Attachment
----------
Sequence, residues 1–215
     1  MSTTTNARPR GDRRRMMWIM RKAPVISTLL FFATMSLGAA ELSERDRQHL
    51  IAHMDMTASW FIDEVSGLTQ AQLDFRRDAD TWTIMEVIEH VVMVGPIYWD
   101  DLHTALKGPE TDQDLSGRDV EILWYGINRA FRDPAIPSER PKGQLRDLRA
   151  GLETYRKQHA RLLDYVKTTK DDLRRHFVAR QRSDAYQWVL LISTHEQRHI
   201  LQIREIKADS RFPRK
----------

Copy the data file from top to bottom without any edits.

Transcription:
Sequence, residues 1–215
     1  MSTTTNARPR GDRRRMMWIM RKAPVISTLL FFATMSLGAA ELSERDRQHL
    51  IAHMDMTASW FIDEVSGLTQ AQLDFRRDAD TWTIMEVIEH VVMVGPIYWD
   101  DLHTALKGPE TDQDLSGRDV EILWYGINRA FRDPAIPSER PKGQLRDLRA
   151  GLETYRKQHA RLLDYVKTTK DDLRRHFVAR QRSDAYQWVL LISTHEQRHI
   201  LQIREIKADS RFPRK